LONDON — Zimbabwe’s new entrant in the 2018 presidential election, Nkosana Moyo, says the country needs a new kind of politics that will stop the ongoing suffering that has left the country with 90% unemployment.
London Editors/Staff Reporter
In a wide-ranging speech delivered at the Royal Institute of International Affairs or Chatham House in London, and attended by the United States and Canadian embassies, Moyo said it was time for a 50-50 Cabinet allocation between men and women, as well as giving a chance to the youth to participate in politics.
He said politicians had, over the years, connived to divide Zimbabweans into tribes, political parties and classes.
Moyo said Zimbabwe was where it is today because democracy had been eroded, with State institutions like the army, the police, the judiciary and the Central Intelligence Organisation having been captured by a political party.
“The immediate consequence is that these institutions are no longer protecting the citizens, but protect Zanu PF,” he said.
Moyo said Zanu PF members were being treated as first-class citizens with access to opportunities, while opposition supporters were treated like second-class citizens.
He also said he would look at the size of the civil service wage bill and eliminate any ghost workers, adding that the current government “has no clue” on how to grow the economy.
The former minister said under his leadership, the country would “put across policies that attract investment”.
Moyo said leaders must walk the talk and his plan was to reduce the size of the government.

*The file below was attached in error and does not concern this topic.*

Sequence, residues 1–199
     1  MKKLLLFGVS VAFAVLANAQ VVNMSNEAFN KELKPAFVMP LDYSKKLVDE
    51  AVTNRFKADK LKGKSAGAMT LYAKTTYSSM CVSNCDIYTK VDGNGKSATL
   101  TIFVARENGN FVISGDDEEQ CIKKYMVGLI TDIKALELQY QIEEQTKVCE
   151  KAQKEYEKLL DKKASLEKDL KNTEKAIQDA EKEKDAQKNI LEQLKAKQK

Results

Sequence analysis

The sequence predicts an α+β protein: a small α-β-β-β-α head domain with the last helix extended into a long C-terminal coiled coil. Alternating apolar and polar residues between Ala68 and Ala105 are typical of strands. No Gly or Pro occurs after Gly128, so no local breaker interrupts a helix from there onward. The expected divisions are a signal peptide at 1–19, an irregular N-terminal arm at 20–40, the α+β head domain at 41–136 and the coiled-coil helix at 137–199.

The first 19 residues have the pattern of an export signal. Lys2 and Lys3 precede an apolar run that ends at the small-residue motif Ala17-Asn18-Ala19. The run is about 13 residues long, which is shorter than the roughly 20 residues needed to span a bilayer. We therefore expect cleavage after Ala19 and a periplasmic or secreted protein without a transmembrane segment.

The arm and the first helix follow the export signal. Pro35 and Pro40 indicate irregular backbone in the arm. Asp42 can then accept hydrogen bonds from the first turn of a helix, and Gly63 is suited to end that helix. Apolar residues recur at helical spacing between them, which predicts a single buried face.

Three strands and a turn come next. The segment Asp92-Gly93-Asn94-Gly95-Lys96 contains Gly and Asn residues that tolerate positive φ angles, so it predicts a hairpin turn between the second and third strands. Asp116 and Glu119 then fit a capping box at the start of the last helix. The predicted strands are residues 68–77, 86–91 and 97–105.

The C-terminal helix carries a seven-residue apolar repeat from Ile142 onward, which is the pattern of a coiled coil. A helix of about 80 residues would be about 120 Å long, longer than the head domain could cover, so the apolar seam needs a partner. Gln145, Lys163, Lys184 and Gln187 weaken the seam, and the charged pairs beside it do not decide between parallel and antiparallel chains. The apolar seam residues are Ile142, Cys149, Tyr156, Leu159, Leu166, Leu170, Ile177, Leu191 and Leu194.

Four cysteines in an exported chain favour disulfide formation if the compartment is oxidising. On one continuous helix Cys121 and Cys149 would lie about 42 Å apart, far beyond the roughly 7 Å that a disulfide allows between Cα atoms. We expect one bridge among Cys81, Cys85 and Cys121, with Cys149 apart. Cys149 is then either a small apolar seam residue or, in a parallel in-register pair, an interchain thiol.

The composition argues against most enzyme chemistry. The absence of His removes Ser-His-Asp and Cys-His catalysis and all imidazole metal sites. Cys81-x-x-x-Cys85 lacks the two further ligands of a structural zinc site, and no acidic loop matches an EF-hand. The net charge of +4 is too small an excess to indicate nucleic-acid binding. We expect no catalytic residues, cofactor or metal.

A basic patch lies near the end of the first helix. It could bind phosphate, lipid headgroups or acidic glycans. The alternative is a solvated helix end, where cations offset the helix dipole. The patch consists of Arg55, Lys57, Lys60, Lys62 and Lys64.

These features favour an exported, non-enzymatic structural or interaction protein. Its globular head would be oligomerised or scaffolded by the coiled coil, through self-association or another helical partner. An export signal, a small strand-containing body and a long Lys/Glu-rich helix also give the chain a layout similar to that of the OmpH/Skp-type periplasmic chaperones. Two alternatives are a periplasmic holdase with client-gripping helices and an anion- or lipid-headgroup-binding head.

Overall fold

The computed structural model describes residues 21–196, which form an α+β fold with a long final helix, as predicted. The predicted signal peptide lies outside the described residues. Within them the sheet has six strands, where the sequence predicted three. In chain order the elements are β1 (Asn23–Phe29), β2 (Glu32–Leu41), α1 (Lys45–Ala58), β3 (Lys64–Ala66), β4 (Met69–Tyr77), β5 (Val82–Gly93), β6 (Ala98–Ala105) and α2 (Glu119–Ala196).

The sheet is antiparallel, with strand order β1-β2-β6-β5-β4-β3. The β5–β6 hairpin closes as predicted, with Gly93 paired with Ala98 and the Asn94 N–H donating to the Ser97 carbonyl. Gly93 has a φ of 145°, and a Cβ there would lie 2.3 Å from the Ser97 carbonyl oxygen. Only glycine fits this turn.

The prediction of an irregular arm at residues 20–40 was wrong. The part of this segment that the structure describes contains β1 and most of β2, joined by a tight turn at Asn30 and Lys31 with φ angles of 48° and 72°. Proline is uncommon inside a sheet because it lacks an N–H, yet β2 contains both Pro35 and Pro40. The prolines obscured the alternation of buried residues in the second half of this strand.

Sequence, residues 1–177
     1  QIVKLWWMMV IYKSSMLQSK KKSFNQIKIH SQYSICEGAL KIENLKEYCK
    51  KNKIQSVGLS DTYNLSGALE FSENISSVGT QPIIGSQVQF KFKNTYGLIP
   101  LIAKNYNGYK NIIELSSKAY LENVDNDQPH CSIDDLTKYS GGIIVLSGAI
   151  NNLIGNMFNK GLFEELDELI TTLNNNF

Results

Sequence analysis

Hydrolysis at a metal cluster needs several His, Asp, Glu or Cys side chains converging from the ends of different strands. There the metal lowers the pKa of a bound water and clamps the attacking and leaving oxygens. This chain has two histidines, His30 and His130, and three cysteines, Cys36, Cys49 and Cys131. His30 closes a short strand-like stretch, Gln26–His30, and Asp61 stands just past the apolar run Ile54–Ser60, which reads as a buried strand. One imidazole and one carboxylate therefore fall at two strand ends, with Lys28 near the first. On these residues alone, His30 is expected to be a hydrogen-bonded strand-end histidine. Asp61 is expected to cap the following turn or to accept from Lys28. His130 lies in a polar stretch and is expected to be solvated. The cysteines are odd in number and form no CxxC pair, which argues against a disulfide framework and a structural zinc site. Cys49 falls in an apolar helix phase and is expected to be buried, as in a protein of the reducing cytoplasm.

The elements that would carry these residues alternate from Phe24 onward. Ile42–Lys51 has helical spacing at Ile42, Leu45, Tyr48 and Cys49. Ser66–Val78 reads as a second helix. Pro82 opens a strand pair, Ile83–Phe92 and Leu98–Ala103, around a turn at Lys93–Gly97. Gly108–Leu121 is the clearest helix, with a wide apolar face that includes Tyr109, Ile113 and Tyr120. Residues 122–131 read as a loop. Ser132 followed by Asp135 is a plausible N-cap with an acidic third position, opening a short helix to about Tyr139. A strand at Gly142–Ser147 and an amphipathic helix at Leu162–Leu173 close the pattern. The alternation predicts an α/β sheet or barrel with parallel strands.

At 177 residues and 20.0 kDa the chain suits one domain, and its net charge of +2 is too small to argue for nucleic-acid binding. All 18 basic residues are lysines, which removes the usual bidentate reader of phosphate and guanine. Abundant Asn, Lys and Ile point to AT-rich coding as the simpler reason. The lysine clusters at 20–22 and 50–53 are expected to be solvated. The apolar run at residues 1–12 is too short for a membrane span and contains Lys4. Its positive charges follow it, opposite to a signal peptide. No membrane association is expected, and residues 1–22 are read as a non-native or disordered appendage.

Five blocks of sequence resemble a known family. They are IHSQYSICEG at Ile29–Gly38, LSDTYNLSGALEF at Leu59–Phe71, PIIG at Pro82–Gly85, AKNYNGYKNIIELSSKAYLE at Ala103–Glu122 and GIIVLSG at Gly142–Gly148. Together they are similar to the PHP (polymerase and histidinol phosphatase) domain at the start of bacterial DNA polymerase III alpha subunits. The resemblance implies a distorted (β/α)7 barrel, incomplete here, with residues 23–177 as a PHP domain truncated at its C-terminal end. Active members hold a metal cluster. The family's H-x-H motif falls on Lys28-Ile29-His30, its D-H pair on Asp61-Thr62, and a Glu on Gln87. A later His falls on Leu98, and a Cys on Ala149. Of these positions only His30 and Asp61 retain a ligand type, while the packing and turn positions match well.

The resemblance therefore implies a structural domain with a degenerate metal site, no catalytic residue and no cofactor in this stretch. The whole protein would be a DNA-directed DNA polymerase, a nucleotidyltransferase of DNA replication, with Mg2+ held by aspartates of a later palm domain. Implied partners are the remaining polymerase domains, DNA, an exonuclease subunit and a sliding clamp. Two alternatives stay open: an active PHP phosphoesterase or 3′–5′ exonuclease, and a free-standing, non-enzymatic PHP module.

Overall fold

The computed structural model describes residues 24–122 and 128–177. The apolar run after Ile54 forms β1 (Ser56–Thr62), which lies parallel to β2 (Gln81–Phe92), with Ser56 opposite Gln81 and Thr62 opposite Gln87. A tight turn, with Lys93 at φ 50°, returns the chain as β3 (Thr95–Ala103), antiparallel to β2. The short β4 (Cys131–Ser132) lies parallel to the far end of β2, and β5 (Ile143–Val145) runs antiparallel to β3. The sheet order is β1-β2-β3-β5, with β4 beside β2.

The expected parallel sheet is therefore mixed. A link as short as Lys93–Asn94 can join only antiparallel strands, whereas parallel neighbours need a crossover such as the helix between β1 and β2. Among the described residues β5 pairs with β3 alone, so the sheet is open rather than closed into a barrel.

“Zimbabwe cannot justify a government of more than 30 ministers,” he said.
Moyo said his Cabinet would have a maximum of 20 members and would not have deputy ministers.
He, however, wants to introduce junior ministers made up of the youth under 35 years old.
This, he said, would be an apprenticeship for future leaders.
He added that innovation and technological advancement would depend on how much space was created for the younger generation.
Moyo said political conflict was taking the country back.
“We want Zimbabweans to understand that competition should not be a war,” he said, adding he disagreed with President Robert Mugabe and MDC-T leader Morgan Tsvangirai, but “that doesn’t mean they are enemies”.
On the rural vote, Moyo said all citizens should be given the benefit of the doubt and be respected.
He said his parents could not read, but that did not mean they could not understand issues.
The former Industry and Trade minister said there was no evidence that any section of the Zimbabwean society needed to be “educated” to know solutions to their problems.
On foreign policy, Moyo said his government would be guided by the needs of Zimbabwe and those in the Diaspora would be treated as essential contributors to the economy.
He said Zimbabwe did not need the number of embassies it currently had because it could not afford all of them.
On the subject of his business links, Moyo said he had resigned from the various global corporate boards that he was part of in order to avoid conflict of interest.
He said he was in the process of handing over the leadership of the Mandela Institute of Development Studies that he founded.
On funding the election campaign, Moyo said he would only rely on resources from Zimbabweans.
He said it was wrong for an election to be seen as a money-making project and it was part of the culture that needed to change.
Moyo said he had demonstrated that he could live within his means by refusing to fly business class when he was Industry and International Trade minister.
He said he also refused to be treated as a VIP when travelling locally on government business.
Meanwhile, Moyo’s Alliance for the People’s Agenda (APA) has launched a fundraising campaign aimed at mobilising resources for his presidential bid.
Party official, Albert Gumbo, confirmed the development saying: “APA is a movement for all Zimbabweans and we are inviting them to participate in this exciting journey towards the restoration of Zimbabwe to a place of honour among the nations.
“So we are asking for their financial contribution no matter how small and their vote, of course.”
The campaign is targeting to raise at least $500 000.